Home > blog > 7 Goals Your Business can Achieve Through Digital Transformation

Let’s assess a few of the current techno-business trends – 5G influx, growth of intelligent cars-cities-homes, rise in hybrid cloud adoptions, boost in ‘everything-as-a-service,’ metaverse, and NFTs. Given these shifts, how do you think the winds of change blow after the pandemic?

A slew of new businesses (or new growth plays by older heavyweights) leveraging customer experience born out of immediacy and personalization offers the easy answer. Come to think of it – even Museums are turning to gamification, NFTs, and the metaverse.

But how do companies get quicker to the market and nearer to the customer? Digital Transformation.

Digital transformation – focusing on optimization or transformation as an end goal – encompasses familiar themes: interoperability with other businesses or systems, predictive analytics and business intelligence, security, remote work possibilities, data privacy, scalability, device, and platform management capabilities.

Like functional areas, the catalysts for Digital transformation, too, show similar grouping. Organizations were either pushed because of a business need or the market or competition pressured them.

No matter the motivations – reduce operational efficiencies, replace legacy, or create new revenue streams – when it comes to digital transformation, there are some irreplaceable business goals (and unspoken hazards to learn from).

  1. Using the correct data and data infrastructure: While the pandemic rocketed digital adoption, most faltering companies that accelerated their pilot programs into production realized that getting the accurate data to the right place (across clouds, devices, and machines) was more straightforward than done. The idea is to embed the data strategy at the outset of any digital transformation initiative.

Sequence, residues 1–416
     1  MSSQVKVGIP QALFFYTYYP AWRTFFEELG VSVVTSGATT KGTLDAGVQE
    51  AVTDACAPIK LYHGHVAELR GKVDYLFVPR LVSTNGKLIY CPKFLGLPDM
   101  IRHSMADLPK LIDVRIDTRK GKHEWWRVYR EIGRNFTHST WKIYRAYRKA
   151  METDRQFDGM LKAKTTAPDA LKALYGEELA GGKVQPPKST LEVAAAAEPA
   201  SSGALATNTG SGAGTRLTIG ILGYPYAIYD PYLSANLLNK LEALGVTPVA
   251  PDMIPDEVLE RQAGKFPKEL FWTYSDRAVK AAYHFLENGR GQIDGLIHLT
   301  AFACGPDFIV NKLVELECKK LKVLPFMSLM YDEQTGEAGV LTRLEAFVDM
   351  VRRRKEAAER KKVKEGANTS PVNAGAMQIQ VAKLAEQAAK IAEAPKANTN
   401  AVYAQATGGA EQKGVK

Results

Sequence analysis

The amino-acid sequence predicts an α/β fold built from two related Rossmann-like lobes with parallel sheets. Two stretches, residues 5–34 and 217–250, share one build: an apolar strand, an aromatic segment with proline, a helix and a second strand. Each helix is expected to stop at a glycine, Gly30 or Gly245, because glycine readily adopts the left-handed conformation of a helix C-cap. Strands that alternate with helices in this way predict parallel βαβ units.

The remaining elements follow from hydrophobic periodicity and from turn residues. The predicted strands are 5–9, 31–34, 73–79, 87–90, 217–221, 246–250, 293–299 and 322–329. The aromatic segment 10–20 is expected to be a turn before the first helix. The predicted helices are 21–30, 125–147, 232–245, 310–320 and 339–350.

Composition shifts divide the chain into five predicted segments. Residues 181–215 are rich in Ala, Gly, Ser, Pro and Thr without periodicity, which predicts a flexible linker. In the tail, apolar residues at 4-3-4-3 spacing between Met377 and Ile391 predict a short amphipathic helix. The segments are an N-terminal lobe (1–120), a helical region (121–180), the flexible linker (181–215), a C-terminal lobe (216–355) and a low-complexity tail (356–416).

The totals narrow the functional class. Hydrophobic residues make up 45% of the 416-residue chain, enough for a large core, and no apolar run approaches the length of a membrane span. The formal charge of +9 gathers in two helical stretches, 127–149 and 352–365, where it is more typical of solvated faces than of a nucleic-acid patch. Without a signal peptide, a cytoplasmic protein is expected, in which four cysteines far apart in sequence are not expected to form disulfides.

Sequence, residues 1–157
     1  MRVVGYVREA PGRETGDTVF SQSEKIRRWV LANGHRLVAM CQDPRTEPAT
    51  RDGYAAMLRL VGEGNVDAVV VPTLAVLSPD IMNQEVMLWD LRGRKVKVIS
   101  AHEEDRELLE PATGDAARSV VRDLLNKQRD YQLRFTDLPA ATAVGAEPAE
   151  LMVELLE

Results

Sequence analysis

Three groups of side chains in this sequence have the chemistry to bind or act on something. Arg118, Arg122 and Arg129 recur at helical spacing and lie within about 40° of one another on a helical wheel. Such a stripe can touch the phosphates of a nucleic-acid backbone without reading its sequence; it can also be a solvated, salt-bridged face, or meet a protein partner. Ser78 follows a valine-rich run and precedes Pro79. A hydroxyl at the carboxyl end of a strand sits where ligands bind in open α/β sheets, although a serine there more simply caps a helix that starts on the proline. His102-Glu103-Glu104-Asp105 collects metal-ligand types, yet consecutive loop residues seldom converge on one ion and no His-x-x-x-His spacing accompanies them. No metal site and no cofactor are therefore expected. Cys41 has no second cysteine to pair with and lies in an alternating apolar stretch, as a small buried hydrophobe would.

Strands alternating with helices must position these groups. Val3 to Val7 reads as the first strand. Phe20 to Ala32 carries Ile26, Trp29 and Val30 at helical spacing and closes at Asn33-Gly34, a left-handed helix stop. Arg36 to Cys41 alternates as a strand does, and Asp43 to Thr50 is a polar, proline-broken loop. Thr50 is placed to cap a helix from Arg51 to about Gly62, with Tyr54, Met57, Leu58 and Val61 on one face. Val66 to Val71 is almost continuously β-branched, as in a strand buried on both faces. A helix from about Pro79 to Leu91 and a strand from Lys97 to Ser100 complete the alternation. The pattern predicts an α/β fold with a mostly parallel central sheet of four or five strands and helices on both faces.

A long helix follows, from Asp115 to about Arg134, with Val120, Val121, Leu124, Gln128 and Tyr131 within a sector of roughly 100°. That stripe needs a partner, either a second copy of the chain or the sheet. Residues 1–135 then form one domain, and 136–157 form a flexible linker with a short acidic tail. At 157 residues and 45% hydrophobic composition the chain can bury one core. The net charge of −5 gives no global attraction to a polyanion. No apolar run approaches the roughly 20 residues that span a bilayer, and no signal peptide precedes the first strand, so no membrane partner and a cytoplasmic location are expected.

2. Technologies exist; the people resist: Even if the leadership aligns, management layers and functional silos aren’t enrolled or empowered before the new technology rolls out. The poor cultural energies (stall and blame games) show up quickly in the initial poor outcomes – costs, NPS, productivity. The learning: adopt change management frameworks and create change agents.
  3. At heart, it is ‘always’ CX: The ‘shiny’ new tech glitters, but the gold is only found when customers’ needs and motivations are met. Use advanced data analytics to meet where your future customers will be and create the experiences they will compare you with. Repeat this over – successful digital transformations start and end with people.
  4. Learn about and embrace risk: Amongst all the goodies (greater productivity, improved CX), there is one inevitable black box that digital transformation throws up – Risk. Innovative companies decide (and communicate) their definitive stance on managing risk, whether they arise from the fear of the unknown, failure, or pressure to deliver.
  5. Focus wide, go deep: While traditional embraces begin with IT, the more significant gains happen when marketing, operations, customer service, and others are included in the DX mandate. Most successful journeys are company-wide efforts with formal steering committees, significant learning investments, and a laser focus on goal measurement.
  6. Maximize Marketing: From the auditing of platform strengths (owned, paid, earned) to accurately mapping customer journeys and beefing up AI-enabled or traditional marketing automation, digital transformation exercises have necessary dependencies on an organization’s marketing communications and collaboration.
  7. Method to the madness: Once the courage to go up the DX value chain has been worked out, it is necessary to spend time across the distinct three stages: choosing – incubating – and scaling. Across people, processes, and culture are required due diligence (and specific mindsets) for these fundamental organizational rhythms.

Conclusion

Digital done right means continuously identifying customers’ pain points, building an end-to-end experience, starting with a shared vision and growth strategy, and being fussy about graduating to a new culture that supports it.

 

 

Article by

Banking Practice